this is not my self,'

sees it thus
as it really is
by means of perfect wisdom.

"Whatever, monk, is perception,
past, future or present,
internal or external,
gross or subtle,
mean or excellent,
or whatever is far or near,
he, thinking of all this perception as

'This is not mine,
this am I not,
this is not my self,'

sees it thus
as it really is
by means of perfect wisdom.

"Whatever, monk, are the habitual tendencies,
past, future or present,
internal or external,
gross or subtle,
mean or excellent,
or whatever is far or near,
he, thinking of all these habitual tendencies as

'This is not mine,
this am I not,
this is not my self,'

sees it thus
as it really is
by means of perfect wisdom.

"Whatever, monk, is consciousness,
past, future or present,
internal or external,
gross or subtle,
mean or excellent,
or whatever is far or near,
he, thinking of all this consciousness as

'This is not mine,
this am I not,
this is not my self,'

sees it thus
as it really is
by means of perfect wisdom.

Monk, (for a man) knowing thus,
seeing thus,
there are no latent conceits that

'I am the doer,
mine is the doer'

in regard to this consciousness-informed body
and all the phenomena external to it."

 


 

Then a reasoning arose in the mind of a certain monk thus:

"It is said, sir,[9]
that material shape is not self,
feeling is not self,
perception is not self,
the habitual tendencies are not self,
consciousness is not self.

Then what self
do deeds affect
that are done by not-self?"[10]

Then the Lord, knowing by mind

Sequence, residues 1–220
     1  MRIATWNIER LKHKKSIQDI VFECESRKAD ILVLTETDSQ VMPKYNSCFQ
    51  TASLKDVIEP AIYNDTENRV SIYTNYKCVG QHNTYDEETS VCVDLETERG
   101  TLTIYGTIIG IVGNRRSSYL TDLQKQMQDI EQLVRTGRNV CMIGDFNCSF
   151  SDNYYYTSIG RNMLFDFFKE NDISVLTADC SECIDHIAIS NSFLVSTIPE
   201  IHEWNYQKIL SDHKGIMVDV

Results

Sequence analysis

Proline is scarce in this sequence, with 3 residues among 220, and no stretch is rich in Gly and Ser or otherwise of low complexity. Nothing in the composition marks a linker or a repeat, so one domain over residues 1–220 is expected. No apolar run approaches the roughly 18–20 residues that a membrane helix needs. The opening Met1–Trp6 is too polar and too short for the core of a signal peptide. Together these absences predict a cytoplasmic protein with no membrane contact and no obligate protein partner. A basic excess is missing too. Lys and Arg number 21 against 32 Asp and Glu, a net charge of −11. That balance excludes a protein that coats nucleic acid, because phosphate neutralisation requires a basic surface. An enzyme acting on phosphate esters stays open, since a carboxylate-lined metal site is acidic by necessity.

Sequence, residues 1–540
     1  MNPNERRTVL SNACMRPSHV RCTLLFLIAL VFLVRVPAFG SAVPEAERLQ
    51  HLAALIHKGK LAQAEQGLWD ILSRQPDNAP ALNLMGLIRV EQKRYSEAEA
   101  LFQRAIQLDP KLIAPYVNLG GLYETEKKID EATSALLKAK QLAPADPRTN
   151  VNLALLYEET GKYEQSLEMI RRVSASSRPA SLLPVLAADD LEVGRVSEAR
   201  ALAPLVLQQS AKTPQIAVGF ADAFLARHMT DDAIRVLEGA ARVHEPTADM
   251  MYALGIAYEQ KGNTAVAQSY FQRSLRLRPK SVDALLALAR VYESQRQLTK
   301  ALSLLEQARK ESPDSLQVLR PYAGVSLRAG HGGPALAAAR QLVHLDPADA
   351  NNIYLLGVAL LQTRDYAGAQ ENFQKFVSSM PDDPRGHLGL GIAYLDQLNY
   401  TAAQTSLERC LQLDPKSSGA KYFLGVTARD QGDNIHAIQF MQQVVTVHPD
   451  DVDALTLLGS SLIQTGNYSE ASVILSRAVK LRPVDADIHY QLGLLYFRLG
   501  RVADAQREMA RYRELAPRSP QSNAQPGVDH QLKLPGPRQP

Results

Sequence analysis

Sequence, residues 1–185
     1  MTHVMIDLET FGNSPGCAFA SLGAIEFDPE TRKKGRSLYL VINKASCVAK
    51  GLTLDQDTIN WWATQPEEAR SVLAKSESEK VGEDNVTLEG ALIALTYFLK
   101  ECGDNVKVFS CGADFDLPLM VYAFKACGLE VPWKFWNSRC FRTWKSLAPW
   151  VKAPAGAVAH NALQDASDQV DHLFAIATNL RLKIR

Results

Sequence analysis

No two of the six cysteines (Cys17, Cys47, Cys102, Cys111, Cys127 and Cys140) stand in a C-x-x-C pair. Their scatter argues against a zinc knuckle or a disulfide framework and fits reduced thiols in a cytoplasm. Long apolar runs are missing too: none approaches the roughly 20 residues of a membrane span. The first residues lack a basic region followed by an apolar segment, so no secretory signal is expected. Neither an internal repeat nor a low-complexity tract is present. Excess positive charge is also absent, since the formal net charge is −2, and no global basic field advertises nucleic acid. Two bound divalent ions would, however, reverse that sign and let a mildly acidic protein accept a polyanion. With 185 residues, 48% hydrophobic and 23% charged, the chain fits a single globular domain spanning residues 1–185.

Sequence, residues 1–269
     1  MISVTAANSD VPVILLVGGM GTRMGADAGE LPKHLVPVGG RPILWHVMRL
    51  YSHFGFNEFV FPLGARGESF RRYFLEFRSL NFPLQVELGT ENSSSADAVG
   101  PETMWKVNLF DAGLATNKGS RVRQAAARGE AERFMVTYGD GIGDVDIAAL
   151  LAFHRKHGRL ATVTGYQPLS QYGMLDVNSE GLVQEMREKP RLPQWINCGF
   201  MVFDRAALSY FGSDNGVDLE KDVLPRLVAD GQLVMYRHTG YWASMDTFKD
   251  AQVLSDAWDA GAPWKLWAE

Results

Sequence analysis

the reasoning in the mind of this monk,
addressed the monks,
saying:

"This situation exists, monks,
[69] when some foolish man here,
not knowing,
ignorant,
with his mind in the grip of craving,
may deem to go beyond[11] the Teacher's instruction thus:

"It is said, sir,
that material shape is not self,
feeling is not self,
perception is not self,
the habitual tendencies are not self,
consciousness is not self.

Then what self
do deeds affect
that are done by not-self?"

You, monks, have been trained by me
(to look for) conditions[12]
now here,
now there,
in these things
and in those.

What do you think about this, monks?

Is material shape permanent or impermanent?"

"Impermanent, revered sir."

"But is what is impermanent
painful or is it pleasant?"

"Painful, revered sir."

"And is it right to regard that which is impermanent,
suffering,
liable to change, as,

'This is mine,
this am I,
this is my self'?"

"No, revered sir."

What do you think about this, monks?

Is feeling permanent or impermanent?"

"Impermanent, revered sir."

"But is what is impermanent
painful or is it pleasant?"

"Painful, revered sir."

"And is it right to regard that which is impermanent,